To accomplish the above, eye-simulating members ice known per se and shown, for example, in Marcus Pat- .ent 2,254,232 of September 2, 1941, are employed in conjunction with a source of illumination positioned to the rear of the wall in which the eye-simulating members are mounted. These members comprise a lens-like part mounted on the front surface of the wall and facing the observer and a stud-like part projecting rearwardly from the center of the lens at the area thereof which corresponds to the pupil of the eye. According to the present invention, the stud is caused to extend for a substantial distance to the rear of the wall, the tip of the stud is rendered opaque, but the side surfaces of the stud which extend to the rear of the mounting wall are left free to transmit light. A source of illumination is provided behind the wall, there mounted in such a way as to illuminate the stud. Since the eye-simulating member is formed of some light-transmissive material, the light which enters the interior of the member through the side surfaces of stud will cause the eye to appear to glisten or twinkle. In addition, when the eye is viewed from the side, a portion of the side surfaces of the stud will be directly visible, and that portion Will contrast in appearance with the opaque tip of the stud. The more to the side the eye is viewed, the more of the side surfaces of the stud will become visible and the less of the opaque tip of the stud will be visible. The net effect is that the pupil of the eye will appear to move from side to side or up and down depending upon the movement of the observer relative thereto. The remainder of the display device will not appear to move, and hence a definite simulation of the rolling of the eye in the socket to follow the movement of an observer will result.
ln addition, because the material of which the eyes1mulating members is formed will usually be more readily light-transmissive than the wall on which those members are mounted, the eyes will appear to be brighter than the remainder of the device, will stand out in a very noticeable fashion, and thus will constitute an attentioncatching feature independently of the appearance of motion to which they give rise.
To the accomplishment of the above and to such other ob ects as may hereinafter appear, the present invention relates to an illuminated display device and to the construction and arrangement of the parts thereof as defined in the appended claims and as described in this specification, taken together with the accompanying drawings, in which:
1 is a front plan view of a typical embodiment; Fig. 2 is a cross sectional view on an enlarged scale taken along the line 22 of Fig. l; i
Fig. 3 is a fragmentary front elevational view of one of the eye-simulating members when viewed from directly in front thereof;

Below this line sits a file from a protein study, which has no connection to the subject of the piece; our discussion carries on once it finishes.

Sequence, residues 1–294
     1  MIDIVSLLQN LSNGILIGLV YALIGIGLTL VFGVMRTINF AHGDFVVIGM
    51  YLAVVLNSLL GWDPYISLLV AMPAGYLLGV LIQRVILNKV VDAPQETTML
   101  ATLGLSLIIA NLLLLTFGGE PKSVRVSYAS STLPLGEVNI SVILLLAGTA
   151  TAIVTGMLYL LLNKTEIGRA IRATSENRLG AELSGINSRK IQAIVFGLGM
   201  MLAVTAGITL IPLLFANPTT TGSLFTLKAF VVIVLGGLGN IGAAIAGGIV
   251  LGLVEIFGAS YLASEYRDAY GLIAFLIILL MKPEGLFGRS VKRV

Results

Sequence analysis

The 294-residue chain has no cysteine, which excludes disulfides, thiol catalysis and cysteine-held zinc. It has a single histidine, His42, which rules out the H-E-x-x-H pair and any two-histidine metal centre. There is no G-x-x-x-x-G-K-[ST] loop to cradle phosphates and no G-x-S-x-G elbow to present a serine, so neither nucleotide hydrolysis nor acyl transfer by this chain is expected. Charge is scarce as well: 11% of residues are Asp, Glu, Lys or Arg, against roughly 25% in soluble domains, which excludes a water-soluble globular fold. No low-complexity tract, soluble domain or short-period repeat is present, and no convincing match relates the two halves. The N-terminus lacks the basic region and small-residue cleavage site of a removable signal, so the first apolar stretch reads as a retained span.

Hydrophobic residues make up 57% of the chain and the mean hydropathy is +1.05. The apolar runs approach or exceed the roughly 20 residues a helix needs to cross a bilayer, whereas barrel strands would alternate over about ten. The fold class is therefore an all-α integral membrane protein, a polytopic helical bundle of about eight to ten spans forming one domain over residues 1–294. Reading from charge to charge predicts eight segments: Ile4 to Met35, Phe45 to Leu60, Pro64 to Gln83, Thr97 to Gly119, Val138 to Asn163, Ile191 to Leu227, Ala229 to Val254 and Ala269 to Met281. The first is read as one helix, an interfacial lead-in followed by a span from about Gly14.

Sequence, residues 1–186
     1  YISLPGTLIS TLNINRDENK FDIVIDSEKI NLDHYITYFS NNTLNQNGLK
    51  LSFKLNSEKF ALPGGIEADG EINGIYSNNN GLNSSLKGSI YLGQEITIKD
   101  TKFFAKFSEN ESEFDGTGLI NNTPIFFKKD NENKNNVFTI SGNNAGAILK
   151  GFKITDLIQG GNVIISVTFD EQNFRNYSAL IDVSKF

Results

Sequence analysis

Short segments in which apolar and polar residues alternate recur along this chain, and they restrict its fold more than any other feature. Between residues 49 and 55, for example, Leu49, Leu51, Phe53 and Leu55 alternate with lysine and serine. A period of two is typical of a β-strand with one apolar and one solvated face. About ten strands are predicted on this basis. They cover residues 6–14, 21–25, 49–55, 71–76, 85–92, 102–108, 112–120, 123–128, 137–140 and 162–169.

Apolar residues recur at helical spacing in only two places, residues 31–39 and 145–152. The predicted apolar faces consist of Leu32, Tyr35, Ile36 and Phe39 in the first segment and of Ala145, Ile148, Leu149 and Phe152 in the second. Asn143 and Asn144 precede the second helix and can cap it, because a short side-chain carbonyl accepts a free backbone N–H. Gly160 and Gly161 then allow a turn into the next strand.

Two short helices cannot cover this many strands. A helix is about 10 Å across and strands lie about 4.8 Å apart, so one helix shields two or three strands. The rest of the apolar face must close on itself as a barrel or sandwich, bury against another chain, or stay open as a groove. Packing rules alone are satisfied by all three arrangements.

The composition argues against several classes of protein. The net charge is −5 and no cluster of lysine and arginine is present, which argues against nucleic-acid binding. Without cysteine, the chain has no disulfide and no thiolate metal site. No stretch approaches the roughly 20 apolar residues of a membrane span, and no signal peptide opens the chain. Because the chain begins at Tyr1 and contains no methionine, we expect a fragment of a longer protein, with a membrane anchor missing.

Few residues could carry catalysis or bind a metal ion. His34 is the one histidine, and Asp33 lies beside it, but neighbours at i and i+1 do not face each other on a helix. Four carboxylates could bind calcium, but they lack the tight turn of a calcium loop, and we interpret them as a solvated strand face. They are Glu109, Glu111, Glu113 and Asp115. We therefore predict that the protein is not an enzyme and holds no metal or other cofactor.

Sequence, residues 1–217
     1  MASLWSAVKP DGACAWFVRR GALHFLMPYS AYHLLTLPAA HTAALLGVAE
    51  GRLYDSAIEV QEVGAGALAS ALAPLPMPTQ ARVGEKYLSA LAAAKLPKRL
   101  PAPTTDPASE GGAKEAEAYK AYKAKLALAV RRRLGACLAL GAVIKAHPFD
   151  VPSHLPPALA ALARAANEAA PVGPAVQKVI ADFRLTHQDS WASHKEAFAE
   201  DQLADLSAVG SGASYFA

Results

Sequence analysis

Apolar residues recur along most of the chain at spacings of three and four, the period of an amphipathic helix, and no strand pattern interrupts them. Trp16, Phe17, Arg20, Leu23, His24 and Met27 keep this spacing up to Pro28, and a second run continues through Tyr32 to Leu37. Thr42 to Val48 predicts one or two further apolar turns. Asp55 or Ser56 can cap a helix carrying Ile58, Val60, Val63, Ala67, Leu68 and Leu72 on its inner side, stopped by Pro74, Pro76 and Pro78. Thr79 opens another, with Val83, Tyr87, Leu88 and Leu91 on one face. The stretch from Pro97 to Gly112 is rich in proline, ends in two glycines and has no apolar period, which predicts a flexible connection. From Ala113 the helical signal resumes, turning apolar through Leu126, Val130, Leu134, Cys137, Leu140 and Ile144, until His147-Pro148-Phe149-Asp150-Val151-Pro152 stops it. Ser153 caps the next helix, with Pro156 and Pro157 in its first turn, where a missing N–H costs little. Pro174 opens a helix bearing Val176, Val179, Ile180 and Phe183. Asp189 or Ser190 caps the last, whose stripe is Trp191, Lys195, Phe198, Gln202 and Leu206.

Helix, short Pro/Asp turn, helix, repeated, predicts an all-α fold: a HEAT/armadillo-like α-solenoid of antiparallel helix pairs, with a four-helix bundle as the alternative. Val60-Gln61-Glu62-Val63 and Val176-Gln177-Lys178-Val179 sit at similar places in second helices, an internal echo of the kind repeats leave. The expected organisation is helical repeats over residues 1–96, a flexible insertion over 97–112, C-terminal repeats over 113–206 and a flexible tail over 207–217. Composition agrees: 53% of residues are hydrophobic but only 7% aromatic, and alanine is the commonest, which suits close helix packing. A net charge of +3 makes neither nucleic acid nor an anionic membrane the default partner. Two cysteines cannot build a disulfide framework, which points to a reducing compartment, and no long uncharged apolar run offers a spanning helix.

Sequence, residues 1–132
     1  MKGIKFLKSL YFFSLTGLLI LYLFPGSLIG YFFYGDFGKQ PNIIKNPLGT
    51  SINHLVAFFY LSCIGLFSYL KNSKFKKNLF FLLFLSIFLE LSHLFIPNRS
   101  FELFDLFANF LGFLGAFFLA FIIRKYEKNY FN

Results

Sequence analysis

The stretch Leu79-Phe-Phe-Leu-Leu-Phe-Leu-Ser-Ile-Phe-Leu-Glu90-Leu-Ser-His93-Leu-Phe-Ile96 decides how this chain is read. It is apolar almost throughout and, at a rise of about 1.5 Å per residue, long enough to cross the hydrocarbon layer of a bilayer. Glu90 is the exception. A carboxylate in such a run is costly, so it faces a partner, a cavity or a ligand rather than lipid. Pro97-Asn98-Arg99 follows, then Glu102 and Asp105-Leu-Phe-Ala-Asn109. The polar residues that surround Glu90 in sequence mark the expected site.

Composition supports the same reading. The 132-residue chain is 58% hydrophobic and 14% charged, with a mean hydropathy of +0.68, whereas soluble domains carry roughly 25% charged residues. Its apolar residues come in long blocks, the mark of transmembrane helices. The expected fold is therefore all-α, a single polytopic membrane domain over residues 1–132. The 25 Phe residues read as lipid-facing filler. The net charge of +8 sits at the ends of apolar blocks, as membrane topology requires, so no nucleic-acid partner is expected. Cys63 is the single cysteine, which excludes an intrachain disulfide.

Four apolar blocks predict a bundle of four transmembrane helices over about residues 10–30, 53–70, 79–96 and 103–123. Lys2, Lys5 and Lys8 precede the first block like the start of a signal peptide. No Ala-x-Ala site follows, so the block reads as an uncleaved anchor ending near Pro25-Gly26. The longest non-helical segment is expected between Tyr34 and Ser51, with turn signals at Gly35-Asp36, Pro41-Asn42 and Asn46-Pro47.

Fig. 4 is a fragmentary rear elevational view similar mately 45 degrees horizontally removed from the viewpoint of Fig. 3;
Fig. 6 is a fragmentary cross sectional view showing, a modification of the manner in which the eye-simulating member may be mounted in the front wall of the device,
and with a light-collecting reflector surrounding the stud portion thereof;
Fig. 7 is a fragmentary view similar to Fig. 2 but showing a modification in which a light-reflector is mounted within the display device; and
Figs. 8 and 9 are side elevational and rear plan views respectively of different modifications of the eye-simulating member.
The display device is here illustrated as simulating the face of a fanciful individual, and specifically the face of Santa Claus, but it will be appreciated that the invention is applicable to numerous other forms and types of display devices.
The embodiment here specifically disclosed comprises an enclosure defined by a rear wall 2 of cardboard, metal, plastic or any suitable structural material, on which a light socket 4 is mounted, the wire 6 connecting that light socket to any suitable source of electric power passing 3 through'the wall 2 as shown. A light bulb 8 is adapted to be mounted in the socket 4 and illuminated. Of course, if desired, a battery or other self-contained source of electri'c'power could be built into the device.
Mounted on the rear wall 2, and secured thereto in any desired manner, as by means of an adhesively secured flange 10 is a sheet 12 of material configured and ornamented so as to simulate any desired object, here the face of Santa Claus. The sheet 12 defines the front and side walls of the enclosure, and is spaced sufficiently from the rear wall 2 so as to provide room for the bulb 8. As here disclosed, a portion of the sheet 12 is bulged out wardly at 14 so as to accommodate part, of the bulb 8. The sheet 12 may be made of any desired material and may be either opaque or translucent, as desired. It is preferred that the sheet 12 be at least partially translucent so that the entire face formed thereby will appear to glow. Sheet plastic material, such as one of the vinyl resins, for example, is eminently adapted for such use because of its inexpensiveness, the ease with which it may be caused to assume desired configurations, and the comparative ease with which it may be ornamented or colored.